Rav Yechiel Michel Epstein (1829-1908), in the introduction to the Hoshen Mishpat section of his Aruch Ha'shulhan, makes an important observation about our millennia-old Halachic tradition (listen to audio recording for precise citation). He notes that although we find in the Talmud many disputes on a wide range of Halachic issues, there are no disagreements regarding the fundamental definitions of the Misvot. The arguments among the Hachamim relate only to the details of the Misvot, but not to their basic definitions. An Am Ha'aretz (individual who is ignorant of Torah) might have the impression that Rabbis argue over every issue about Halacha, and there is no uniformity at all. But this is far from true. There are many disputes relating to the details, but the fundamental aspects of the Misvot are, and always have been, universally accepted.The Aruch Ha'shulhan cites numerous examples to illustrate his point. There is no disagreement, he observes, on the definition of the Torah's requirement to take a "Peri Etz Hadar" on Sukkot; all Sages always followed the assumption that this phrase refers to an Etrog. Likewise, it was universally accepted that when the Torah establishes the liability of "an eye for an eye," it means monetary compensation, and not literally removing an eye. No Talmud scholar or student ever questioned whether the Tefillin Shel Rosh is made with four compartments, or whether there are two sections of the Torah written inside the Mezuza. And all Sages in every generation agreed on the number of Berachot in the Amida prayer (eighteen plus the additional Beracha of Ve'la'minim), the number of Berachot recited before and after Shema, and the basic text of Pesukeh De'zimra. There are, of course, technical differences regarding the details of the text. Sepharadim recite the text of "Ahabat Olam," whereas many Ashkenazim say "Ahaba Rabba." Sepharadim recite "Hodu" before "Baruch She'amar," whereas Ashkenazim recite it after "Baruch She'amar." But there is and always has been uniformity regarding the basic structure of these prayer services. The Aruch Ha'shulhan also notes the uniformity regarding the basic prohibitions of Shabbat and Yom Tob. True, there are many differences of opinion regarding the technical details of how these prohibitions apply, but all accept the basic thirty-nine categories of forbidden activities. And all Jews across the world, from one end of the earth until the other, always begin and end Shabbat at the same time.The Aruch Ha'shulhan emphasizes the point that this observation provides compelling proof to the authenticity of our Halachic tradition. Even though Jews in different countries had no communication with one another for centuries (they did not have telephones or email…), they observed the same traditions, with only minor, technical differences distinguishing the communities from one another. If a Jew from Yemen, for example, would have traveled to a Jewish community in Eastern Europe, he would have observed the same Shabbat and participated in the same basic liturgical service as he did back home. The Jews in Poland and Austria followed the same basic Torah tradition as the Jews in Baghdad, Tripoli and Tunis. As the Aruch Ha'shulhan observes, this was true even before the publication of the Shulhan Aruch some four hundred years ago which unified world Jewry under a single Halachic code.And this is an extraordinary miracle. Normally, traditions are lost and forgotten over time. But God gave us His promise that "Lo Tishachah Mi'pi Zar'o" (Debarim 31:21) – that the Torah will never be forgotten from among the Jewish people. The miracle of the preservation of a uniform Torah tradition – notwithstanding the numerous discrepancies in the fine details – testifies to the fulfillment of this promise, and to the eternal truth of our ancient Halachic tradition.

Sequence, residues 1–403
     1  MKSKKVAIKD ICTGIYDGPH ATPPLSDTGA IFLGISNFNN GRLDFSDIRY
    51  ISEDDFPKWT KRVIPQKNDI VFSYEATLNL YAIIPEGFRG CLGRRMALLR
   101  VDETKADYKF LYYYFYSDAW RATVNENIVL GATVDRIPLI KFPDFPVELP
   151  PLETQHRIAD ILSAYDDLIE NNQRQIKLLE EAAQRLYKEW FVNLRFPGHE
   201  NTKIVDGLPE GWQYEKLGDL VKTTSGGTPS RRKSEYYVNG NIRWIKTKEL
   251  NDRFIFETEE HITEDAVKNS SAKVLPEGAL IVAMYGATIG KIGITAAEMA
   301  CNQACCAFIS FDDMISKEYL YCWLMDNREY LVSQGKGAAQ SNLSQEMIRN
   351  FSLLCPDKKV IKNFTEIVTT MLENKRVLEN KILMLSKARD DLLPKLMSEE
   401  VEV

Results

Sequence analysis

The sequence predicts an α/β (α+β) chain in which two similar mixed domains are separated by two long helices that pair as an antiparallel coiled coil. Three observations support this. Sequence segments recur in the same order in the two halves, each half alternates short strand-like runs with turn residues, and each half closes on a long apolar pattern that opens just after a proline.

Talking Talmud